Hester Thrale Piozzi had also concluded earlier, What a goose Joanna must have been to reveal her sex and name! Spite and malice have pursued her ever since (qtd. in Ellen Donkin’s Getting Into the Act: Women Playwrights in London, 1776-1829, 165). So much of Baillie’s inability to get her plays staged was less about their obstacles in performance than about the patriarchal climate in London’s theatres in the early nineteenth century.

It also is important to note more specifically that Joanna Baillie came from a prominent Scottish family. She was a surviving twin, born in September 1762 to Dorothea Hunter Baillie and James Baillie, a Church of Scotland minister and later a professor of divinity at Glasgow University. Her mother was the sister of the famous Scottish anatomists, William and John Hunter. William left Joanna and her older sister Agnes a small inheritance on his death, but Joanna reveals in her letters that she did not know William, having moved with Agnes and their widowed mother to London around 1784 to help their brother, Dr. Matthew Baillie, in his new medical practice.

After Dr. Baillie’s marriage to Sophia Denman in 1791, the sisters and their mother moved to Colchester and, after Mrs Baillie’s death in 1806, Joanna and Agnes settled in Hampstead. Joanna Baillie did know John Hunter well; she spent a great deal of time with him and his Blue-stocking wife, the poet, Anne Hunter (née Home), at their home in Earl’s Court, a home abounding with medical students and all sorts of animals there for research. This atmosphere probably led to some of her more gothic plays.

An important fact from the Britannica entry that should be corrected is the title of Baillie’s first volume of poems. It was not entitled Fugitive Verses, which was later published in 1840, but instead Poems: Wherein It is Attempted to Describe Certain Views of Nature and of Rustic Manners, etc. (1790). While this volume garnered little attention, the poems in the collection are exactly the sort that William Wordsworth, whom she later met, and Samuel Taylor Coleridge set out to produce in Lyrical Ballads some eight years later, claiming them to be new and exciting with their focus on nature and their common language, exactly what Baillie had done in Poems. Baillieʼs early and later poetry captures a common focus of the early Romantics, while it also eulogizes her famous friends and family. She was instrumental, with music historian George Thomson, in saving and reviving the lyrics of English and Scottish ballads and folksongs.

Her 1798 first volume of A Series of Plays: in which it is attempted to delineate the stronger passions of the mind was so popular that it was brought out in multiple editions over several decades, as were volumes two (1802) and three (1812). The first volume was published anonymously and included her Introductory Discourse on theatre theory. The authorship was at first attributed to other writers, including Anne Home Hunter, Ann Radcliffe, and Sir Walter Scott, and, thanks to Lord Byron, De Monfort was performed at Drury Lane before her identity was discovered, featuring John Kemble and Sarah Siddons. Worth noting, and missing in the Britannica entry, is that Byron fully admitted he was an enthusiastic admirer of Baillie and sought introduction to her.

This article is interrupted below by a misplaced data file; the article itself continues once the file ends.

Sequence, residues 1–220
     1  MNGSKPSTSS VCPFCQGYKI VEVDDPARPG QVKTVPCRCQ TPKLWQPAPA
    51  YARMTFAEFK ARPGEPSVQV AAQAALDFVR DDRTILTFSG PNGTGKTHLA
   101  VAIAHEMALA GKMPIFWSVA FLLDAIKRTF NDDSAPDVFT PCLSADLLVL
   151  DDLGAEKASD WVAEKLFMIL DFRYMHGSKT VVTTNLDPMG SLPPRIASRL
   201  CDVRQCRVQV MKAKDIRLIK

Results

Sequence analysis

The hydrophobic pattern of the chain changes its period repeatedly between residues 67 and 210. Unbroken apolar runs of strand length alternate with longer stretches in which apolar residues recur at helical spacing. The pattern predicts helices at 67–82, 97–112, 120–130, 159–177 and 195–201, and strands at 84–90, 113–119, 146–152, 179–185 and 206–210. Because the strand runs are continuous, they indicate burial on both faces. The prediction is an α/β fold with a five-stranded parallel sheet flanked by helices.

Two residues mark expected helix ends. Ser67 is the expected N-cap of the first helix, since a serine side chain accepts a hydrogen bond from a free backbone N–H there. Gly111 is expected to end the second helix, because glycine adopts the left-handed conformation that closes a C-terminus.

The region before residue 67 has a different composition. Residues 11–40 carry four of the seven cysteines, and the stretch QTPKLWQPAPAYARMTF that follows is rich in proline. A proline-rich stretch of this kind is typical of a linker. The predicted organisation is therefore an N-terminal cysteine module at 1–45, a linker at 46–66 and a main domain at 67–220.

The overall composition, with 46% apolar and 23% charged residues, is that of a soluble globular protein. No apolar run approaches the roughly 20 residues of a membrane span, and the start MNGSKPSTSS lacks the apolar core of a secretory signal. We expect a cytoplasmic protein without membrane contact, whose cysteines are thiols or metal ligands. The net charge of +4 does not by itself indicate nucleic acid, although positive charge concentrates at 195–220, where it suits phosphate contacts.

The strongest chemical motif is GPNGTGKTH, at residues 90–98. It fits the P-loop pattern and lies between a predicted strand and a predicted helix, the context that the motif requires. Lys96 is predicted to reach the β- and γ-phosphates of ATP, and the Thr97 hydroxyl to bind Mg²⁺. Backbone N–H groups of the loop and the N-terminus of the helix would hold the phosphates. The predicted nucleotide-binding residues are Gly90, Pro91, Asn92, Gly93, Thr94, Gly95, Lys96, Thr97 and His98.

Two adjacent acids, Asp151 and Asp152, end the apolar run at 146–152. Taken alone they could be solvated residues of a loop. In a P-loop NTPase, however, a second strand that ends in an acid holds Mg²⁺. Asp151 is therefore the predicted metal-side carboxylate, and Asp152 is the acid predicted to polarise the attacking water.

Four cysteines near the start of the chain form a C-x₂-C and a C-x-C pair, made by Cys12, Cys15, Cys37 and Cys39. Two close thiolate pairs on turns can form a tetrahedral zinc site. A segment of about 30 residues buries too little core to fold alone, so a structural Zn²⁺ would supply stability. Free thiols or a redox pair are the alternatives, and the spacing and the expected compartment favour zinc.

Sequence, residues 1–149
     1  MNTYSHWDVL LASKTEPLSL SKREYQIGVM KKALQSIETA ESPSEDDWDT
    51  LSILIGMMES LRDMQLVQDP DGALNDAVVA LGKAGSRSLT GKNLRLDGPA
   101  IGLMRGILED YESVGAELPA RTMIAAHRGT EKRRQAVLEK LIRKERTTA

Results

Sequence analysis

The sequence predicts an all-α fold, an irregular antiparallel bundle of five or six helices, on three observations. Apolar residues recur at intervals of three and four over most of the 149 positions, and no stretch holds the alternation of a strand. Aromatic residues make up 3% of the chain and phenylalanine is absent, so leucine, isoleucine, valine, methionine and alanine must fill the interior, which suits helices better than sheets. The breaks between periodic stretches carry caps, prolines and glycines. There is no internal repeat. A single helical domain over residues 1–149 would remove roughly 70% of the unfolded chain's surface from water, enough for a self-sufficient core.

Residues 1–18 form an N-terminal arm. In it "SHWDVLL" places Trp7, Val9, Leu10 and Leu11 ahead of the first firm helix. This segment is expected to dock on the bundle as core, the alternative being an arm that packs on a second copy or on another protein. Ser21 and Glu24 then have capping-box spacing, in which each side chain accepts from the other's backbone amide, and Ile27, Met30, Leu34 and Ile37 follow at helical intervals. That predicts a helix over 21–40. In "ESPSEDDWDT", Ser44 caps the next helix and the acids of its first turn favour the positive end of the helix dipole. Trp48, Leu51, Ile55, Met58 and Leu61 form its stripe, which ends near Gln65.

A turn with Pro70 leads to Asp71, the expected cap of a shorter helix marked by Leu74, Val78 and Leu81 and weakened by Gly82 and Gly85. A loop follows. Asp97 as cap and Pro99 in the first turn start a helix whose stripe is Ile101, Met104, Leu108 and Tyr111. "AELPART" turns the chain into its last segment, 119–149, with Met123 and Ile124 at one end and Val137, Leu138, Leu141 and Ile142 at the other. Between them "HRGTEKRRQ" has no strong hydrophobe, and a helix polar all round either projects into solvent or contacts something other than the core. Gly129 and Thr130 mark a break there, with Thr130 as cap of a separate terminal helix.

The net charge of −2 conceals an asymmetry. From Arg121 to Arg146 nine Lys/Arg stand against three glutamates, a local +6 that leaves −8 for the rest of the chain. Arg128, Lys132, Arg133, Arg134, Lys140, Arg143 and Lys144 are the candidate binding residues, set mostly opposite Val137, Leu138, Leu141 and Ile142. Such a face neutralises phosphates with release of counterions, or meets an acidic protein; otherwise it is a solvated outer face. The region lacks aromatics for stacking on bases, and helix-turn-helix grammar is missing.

A Series of Plays was followed by Miscellaneous Plays in 1804, The Family Legend in 1810, and, in 1836, three volumes entitled Dramas. Baillie intended her plays for the stage, and The Family Legend was performed at the Edinburgh Theatre in 1810, under the enthusiastic patronage of Sir Walter Scott, to a full house for multiple nights; De Monfort successfully followed there.

Baillie’s poetical Metrical Legends of Exalted Characters appeared in 1821, and Fugitive Verses in 1840, including many beautiful poems and songs such as A Winter’s Day, Lines to Agnes Baillie on her Birthday, Lines on the Death of Sir Walter Scott, Lines to a Teapot, and her adaptations of Scottish songs such as Woo’d and Married and a’. Further, the most notable archival documents from Baillie are her hundreds of letters to important correspondents, including Lady Byron, Margaret Holford Hodson, William Sotheby, Sir Walter Scott, Sir Thomas Lawrence, Dr. Andrews Norton, Sir John Herschel, Anna Jameson, and many others. These letters of historical significance provide insight into how Baillie wrote and edited, and how she provided social, creative, and even religious criticism for the period.

Significant work on Baillie after 1911:

  • Carhart, Margaret S. The Life and Work of Joanna Baillie, Yale UP, 1923.
  • Slagle, Judith Bailey, ed. The Collected Letters of Joanna Baillie, 2 vols. Associated UP, 1999.
  • Slagle, Judith Bailey. Joanna Baillie: A Literary Life. Fairleigh Dickinson UP, 2002.